The event is still collecting donations online at www.rideforkids.org. Fundraisers will receive incentive credit through Oct. 14.
Joel Gladding won the drawing for a new Honda motorcycle, and a Cardo Scala Rider TeamSet went to Jimmy Tragle. Bruce Hill won a Tour Master gift card.
Thank you to the dedicated volunteers who organized the event. This year’s task force leaders were Tom Chicca and Marcy Rich.
September 15th, 2014
“Deranged, maniacal, demonic and negligent” were words used by the former AMA Motorcyclist of the Year, Bob Higdon, when he gave the official benediction at the start of an annual Big Dog Ride. He also included the words “aesthetic, pictorial, grandeur, supereminence and best-of-the-best.” Higdon closed his offering of pearls with, “You have a great thing going here with the Big Dog Ride. I hope none of you die!” and then mounted his BMW R80G/S and piloted it quickly in the opposite direction.
The 2014 Annual Running of the Dogs offered an opportunity to look inside the make-up of the new and old members of the unique fraternity of Big Dogs. While not a secret society, the Big Dog Adventure Ride does have some elements of membership not found in other adventure designed motorcycle events.
Founded on the concept of riding a large-displacement dual-purpose motorcycle to the event, off-loading luggage, and then riding some of the toughest trails and tracks found in the Lower 48, the core concept still exists. Original sponsor, BMW of Denver, accepted the eventual morphing of the event to welcome non-BMW bike entries. In 2014 entrants included KTMs, Kawasakis, Hondas and Suzukis, but all had to be 640cc or larger.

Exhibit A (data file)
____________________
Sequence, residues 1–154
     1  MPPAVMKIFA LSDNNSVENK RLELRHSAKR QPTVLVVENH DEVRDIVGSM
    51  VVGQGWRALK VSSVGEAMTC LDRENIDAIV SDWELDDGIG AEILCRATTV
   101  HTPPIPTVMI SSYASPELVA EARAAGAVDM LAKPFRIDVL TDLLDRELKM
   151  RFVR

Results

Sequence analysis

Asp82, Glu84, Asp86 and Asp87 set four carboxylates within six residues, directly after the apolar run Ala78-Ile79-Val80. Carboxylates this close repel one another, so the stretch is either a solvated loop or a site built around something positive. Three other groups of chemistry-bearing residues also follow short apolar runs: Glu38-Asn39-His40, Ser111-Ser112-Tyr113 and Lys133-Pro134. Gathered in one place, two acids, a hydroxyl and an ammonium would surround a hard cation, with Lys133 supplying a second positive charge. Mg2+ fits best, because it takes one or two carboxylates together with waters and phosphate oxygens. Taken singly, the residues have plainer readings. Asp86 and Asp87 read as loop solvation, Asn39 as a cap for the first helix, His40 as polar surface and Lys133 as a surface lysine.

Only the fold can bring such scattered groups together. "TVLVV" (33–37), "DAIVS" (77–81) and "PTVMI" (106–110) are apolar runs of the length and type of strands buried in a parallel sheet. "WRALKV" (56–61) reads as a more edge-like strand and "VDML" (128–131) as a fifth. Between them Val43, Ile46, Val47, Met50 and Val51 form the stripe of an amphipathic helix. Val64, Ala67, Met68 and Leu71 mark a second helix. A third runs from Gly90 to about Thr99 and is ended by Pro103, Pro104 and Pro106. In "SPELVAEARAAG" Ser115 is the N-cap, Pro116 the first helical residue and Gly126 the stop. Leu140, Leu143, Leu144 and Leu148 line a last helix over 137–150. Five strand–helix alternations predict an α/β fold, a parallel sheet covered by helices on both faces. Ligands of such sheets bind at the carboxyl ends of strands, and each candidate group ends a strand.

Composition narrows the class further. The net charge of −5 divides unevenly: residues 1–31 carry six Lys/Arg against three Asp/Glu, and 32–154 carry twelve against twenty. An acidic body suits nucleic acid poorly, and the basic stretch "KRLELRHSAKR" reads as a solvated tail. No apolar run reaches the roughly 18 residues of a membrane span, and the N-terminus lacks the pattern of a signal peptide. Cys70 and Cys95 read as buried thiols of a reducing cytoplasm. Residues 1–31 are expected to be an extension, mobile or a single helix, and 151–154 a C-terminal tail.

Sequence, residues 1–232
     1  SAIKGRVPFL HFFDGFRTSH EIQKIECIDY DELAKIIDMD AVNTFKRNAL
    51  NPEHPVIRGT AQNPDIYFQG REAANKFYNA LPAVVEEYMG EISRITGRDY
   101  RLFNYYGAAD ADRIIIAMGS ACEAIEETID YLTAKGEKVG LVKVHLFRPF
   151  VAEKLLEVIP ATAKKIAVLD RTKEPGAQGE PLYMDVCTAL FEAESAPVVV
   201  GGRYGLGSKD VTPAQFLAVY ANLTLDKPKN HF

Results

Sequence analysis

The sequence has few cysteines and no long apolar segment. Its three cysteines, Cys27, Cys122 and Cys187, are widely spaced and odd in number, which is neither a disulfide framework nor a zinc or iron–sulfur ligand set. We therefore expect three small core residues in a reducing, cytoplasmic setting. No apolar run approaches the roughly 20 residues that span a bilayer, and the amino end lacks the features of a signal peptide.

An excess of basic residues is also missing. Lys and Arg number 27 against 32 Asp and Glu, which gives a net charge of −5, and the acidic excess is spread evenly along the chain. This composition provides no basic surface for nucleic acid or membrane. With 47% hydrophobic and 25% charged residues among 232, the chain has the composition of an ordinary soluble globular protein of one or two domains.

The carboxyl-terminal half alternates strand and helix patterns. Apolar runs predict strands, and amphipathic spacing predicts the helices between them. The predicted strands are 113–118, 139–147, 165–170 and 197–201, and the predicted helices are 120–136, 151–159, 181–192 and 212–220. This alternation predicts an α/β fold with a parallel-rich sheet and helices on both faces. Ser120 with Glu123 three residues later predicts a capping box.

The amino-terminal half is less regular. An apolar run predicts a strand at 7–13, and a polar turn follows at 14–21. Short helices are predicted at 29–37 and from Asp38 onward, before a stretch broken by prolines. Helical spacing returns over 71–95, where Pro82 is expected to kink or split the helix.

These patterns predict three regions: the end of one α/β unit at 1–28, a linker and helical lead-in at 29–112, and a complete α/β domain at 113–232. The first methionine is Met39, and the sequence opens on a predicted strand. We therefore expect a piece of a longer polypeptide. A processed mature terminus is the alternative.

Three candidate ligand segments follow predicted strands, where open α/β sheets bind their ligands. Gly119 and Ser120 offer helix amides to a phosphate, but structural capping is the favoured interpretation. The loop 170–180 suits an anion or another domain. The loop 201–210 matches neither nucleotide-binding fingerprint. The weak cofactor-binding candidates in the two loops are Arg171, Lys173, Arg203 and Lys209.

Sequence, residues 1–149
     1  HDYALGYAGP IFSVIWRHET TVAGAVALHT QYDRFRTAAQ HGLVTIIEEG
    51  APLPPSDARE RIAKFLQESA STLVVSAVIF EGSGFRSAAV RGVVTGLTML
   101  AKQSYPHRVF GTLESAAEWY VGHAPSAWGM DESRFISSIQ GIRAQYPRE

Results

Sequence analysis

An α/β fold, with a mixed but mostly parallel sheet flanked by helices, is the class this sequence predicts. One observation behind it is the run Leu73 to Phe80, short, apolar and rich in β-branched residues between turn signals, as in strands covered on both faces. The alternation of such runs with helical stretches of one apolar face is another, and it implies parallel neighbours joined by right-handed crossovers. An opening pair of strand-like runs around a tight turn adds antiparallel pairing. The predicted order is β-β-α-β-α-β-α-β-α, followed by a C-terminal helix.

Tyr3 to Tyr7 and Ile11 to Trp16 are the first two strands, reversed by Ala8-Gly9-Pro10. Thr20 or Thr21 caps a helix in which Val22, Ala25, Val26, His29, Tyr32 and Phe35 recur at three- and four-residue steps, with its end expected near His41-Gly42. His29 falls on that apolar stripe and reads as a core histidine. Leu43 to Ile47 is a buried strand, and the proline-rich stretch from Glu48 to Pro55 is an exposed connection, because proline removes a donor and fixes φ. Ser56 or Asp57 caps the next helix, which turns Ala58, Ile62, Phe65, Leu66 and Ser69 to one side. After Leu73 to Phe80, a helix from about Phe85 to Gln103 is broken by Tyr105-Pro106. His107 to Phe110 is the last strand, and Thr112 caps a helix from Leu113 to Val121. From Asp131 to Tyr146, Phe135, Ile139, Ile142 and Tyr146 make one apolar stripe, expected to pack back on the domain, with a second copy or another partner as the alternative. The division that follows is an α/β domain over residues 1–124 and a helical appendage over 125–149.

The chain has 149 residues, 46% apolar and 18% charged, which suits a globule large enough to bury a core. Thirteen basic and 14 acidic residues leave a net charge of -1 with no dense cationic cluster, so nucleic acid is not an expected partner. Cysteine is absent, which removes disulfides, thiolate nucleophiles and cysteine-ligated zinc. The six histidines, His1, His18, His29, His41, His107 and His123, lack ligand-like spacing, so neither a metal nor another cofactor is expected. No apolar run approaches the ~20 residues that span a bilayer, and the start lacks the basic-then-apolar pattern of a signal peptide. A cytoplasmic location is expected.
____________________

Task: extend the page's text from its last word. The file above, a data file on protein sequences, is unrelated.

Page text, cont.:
For three days the entrants bounced their motorcycles and themselves off rocks and trees, plowed through deep mountain streams and brown murky mud wallows, often dodging ATVs and errant 4×4 drivers over some of the highest passes in Colorado. While the wide range of large-displacement motorcycles offered an interesting mix for a tire kicker in the parking lot, it was the genetic elements of the entrants and their professional backgrounds that drew interest in 2014. Are there some genetic similarities that drew this group together to possibly hurt themselves and their motorcycles as they pushed adventure-riding envelopes to levels far away from posing at Starbucks on a Sunday morning with their ADV motorcycle?
One Big Dog wrote of the others that they are “down to earth, solid, self-aware, self-confident, hard-working, contributors…. men of integrity who share a passion for adventure motorcycle riding.” Within that definition was one self-proclaimed ditch digger, a man who worked for a county government operating equipment to literally dig ditches, and another who was a retired financial services executive. Others included the manager for a major manufacturing company, a national evangelist, educational technology sales representative, insurance broker, general building contractor, service engineer, writer, mechanic and a statistician.
A look at the geographic bases for some of the entrants found them piloting their motorcycles to Colorado from distant points such as California, Texas, Arkansas and Virginia, others from neighboring states Utah, Wyoming and New Mexico. One entrant, from Honolulu, flew from Hawaii to connect with his motorcycle in Seattle. He then rode two days to the event, off-loaded his travel gear and banged up himself and his Africa Twin for three days. He then repacked and rode back to Seattle, stashed his rare Africa Twin and flew back to Hawaii. Another first-time entrant, sponsored by Bob’s BMW, rode his fully-loaded BMW R1200GS Adventure from Virginia to the event start point in Buena Vista, Colorado, where he off-loaded his traveling gear and bounced off rocks, slid through mud and wobbled in sand as a new Dog. He then licked his wounds and humped the interstates back across America. A Happy Trails sponsored entrant from Michigan entered a stock 2006 Kawasaki KLR650 that had only a Happy Trails skid plate and “Nerf” or protection bars for his possible get-offs.